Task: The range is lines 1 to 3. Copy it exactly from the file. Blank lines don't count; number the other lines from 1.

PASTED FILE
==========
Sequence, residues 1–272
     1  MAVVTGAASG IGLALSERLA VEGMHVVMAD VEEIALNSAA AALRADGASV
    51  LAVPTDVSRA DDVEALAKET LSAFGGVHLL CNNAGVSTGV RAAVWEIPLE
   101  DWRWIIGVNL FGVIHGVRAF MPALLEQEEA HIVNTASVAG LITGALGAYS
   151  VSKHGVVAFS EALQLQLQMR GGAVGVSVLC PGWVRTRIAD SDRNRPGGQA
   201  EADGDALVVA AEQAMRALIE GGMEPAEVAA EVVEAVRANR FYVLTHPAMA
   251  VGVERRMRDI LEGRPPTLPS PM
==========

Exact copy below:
Sequence, residues 1–272
     1  MAVVTGAASG IGLALSERLA VEGMHVVMAD VEEIALNSAA AALRADGASV
    51  LAVPTDVSRA DDVEALAKET LSAFGGVHLL CNNAGVSTGV RAAVWEIPLE